"An account of Simple walk : Kamakura trip"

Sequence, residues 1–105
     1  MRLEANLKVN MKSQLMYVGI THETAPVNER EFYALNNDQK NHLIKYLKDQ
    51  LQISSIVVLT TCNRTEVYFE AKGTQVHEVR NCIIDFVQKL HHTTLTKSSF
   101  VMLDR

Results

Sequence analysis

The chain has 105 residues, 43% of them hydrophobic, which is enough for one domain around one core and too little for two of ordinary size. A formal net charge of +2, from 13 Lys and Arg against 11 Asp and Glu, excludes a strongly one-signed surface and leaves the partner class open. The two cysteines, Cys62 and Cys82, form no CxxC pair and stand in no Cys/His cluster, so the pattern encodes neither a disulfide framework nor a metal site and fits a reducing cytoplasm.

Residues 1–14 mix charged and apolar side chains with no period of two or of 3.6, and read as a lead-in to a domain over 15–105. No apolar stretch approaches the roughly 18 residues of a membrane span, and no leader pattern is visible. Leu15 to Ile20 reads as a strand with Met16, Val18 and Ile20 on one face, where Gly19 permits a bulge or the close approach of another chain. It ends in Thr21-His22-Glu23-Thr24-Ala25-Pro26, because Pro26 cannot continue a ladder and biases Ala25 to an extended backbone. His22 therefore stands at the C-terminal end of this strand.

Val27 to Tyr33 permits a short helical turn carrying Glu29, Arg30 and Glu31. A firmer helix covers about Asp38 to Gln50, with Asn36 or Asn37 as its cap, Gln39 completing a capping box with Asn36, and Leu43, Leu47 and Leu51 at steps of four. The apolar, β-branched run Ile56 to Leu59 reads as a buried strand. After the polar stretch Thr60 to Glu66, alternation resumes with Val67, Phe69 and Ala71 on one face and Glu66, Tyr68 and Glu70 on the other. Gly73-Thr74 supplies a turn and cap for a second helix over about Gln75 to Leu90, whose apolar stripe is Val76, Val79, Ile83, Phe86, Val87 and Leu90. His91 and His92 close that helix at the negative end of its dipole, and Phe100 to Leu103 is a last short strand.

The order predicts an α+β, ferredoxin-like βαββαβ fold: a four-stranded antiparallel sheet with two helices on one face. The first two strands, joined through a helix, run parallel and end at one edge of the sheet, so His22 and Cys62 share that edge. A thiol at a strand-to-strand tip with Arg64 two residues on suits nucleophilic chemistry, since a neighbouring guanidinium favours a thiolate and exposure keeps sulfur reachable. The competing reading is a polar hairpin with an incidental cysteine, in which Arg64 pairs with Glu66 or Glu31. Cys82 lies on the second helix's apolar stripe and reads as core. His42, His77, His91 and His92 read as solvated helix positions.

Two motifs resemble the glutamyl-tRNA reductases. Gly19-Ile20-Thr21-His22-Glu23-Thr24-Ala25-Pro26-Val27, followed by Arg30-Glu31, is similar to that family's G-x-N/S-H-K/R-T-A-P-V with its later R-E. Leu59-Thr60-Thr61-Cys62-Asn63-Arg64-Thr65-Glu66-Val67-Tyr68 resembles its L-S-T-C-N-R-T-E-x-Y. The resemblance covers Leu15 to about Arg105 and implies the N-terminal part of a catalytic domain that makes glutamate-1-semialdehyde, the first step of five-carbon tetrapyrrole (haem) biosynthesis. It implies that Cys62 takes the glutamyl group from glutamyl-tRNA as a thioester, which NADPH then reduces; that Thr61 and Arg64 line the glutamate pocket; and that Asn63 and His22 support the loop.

First I would like to thank everybody for their contribution in terms of planning, organizing and participating (that's also important!) in this walk in Kamakura. TMWC is indeed getting popular with people joining us even from Tokyo. And after this walk we think that more people with children can join the walks. We decided to take the easiest walk because of our son Amaan (4 year old). The route covered many temples, ending with the great Daibutsu. We started from the west side of the station, heading northwards. We were to go in a roughly circular route towards the west and then to south. There was a slow climb in the beginning. And soon we found ourselves in a yard which made us feel like we had been tranported back in time by many centuries! This looked like a temple garden. There was a sprawling old building with architecture and the layout similar to all those very old buddhist temples we had seen in Kyoto. Except that in this one there was still an acitivity which might have been in much older times! There were monks sitting sipping tea in the tea room, having (possibly) a quite discussion. There were priests huddled in a corner in the big prayer hall. There were many women and all in Kimono(!), waiting as if a Zen prayer was about to begin. We also waited for it for about 10 min, but realized that we couldn't spend all of our time in Temple, so we moved on. On coming out of the temple we realized that we had entered through the backyard. And it has a very good reason - John gave us a route map in which I could see at the point he had suggested us, was written in Katakana "start". So we were doing the normal hiking course backwards! While coming out at the entrance we read the name of the temple, but I cannot remember it now (and the Kanji on the map is no help to me). When we went further we were suddenly at the end of the path we were following and up against a steep hill. We thought we had probably strayed from our course, but on enquiring found that we were to climb up a small trail up the hill (to our surprise whomever we enquired something in Kamakura could speak english). This brought us to a garden on the hill top, with a statue of a famous general (whose name again I forget). We took a break. Then we went further to another hilltop to a Shinto shrine. Rest of the way was down the hill. Another temple which made us very curious (I can't remember the Japanese name) was that of money-washing god! The gate to this temple is sort of a cave, as also is the main part of the temple. At first I wondered as to how can a god wash you of your money. Then it turned out that actually it was a god of money. People aspiring to be prosperous keep money in a cane basket, wash it (the money) then offer it to the god - so its money washing god. I, as stingy as I am, kept only 50 yen in the basket. When I saw the man beside me washing ichi man yen, I felt a little ashamed. I felt even more ashamed when I found out that I was supposed to take back the offering of the money with me (perhaps this is why you prosper - you make an offering to the god and the god returns it). Had I known earlier I too would have offered ichi man or may be more! So after washing out our luck on money washing god we moved on and saw some more temples. The last 1.5 km of the walk was eventless, untill we reached the Dai-Butsu (Great Buddha) Dai-butsu is a bronze sculpture of 13.35 meter height and weighing 121 tons. Its shelterless, as its shelter was blown away by a storm sometime in the past. So its color is bluish - that of copper oxide! This sculpture is hollow from inside and there is small stairway inside leading upwards upto the shoulder of buddha. We had lunch in this compound and relaxed for a long time. Even though we had completed the scheduled trekking with a lot of time to spare, it was just enough for our son (specially in that heat)! He had walked quite fast with us. We walked further southwards and came across another temple on a small hill. This was Hase-dera temple where hundreds of small statues of monks make a lovely sight. It also offers a full view of yugihama beach from its garden. It had a holiday like atmosphere. Then we decided to walk down to the Hase beach, very close now. We still had sometime to spare and we thought we would take a taxi to reach the Kamakura station at the meeting time of 15:30. The beach was quite dirty and far from a lovely sight the way it was described in my guide book. Nevertheless, we enjoyed swimming for half an hour. Amaan too was finally happy to splash around in water. All this while he had been putting up with us walking from one temple to another and ignoring his repeated requests to let him play with the toys that he had brought with him. We came out and looked around for a taxi - there were none to be seen. When we asked in a shop, we were told that there were no chances of getting a taxi and the only way to reach station was to walk 3km! We had already wasted time looking around for taxi and we now had only 10 minutes to reach the station. We started running with Alok carrying all the bags and me carrying Amaan - hoping against the hopes of getting a taxi. And when we had finally lost hope, since it was already 15:45, just 4 min. to the departure of the direct train to Arakawaoki, and the Kamakura station was still 2km away! And then we found ourselves at a local (Yugihama) station. We talked to the railway official who understood our urgency and gave us tips and guidance. So we boarded a train at 3:46 to reach Kamkura by 3:48 and managed to get in the train for Arakawaoki by 3:49. And then what a sence of relief when we saw Victor and John, and knew we had made it! Perhaps that was the most adventurous part of our trip.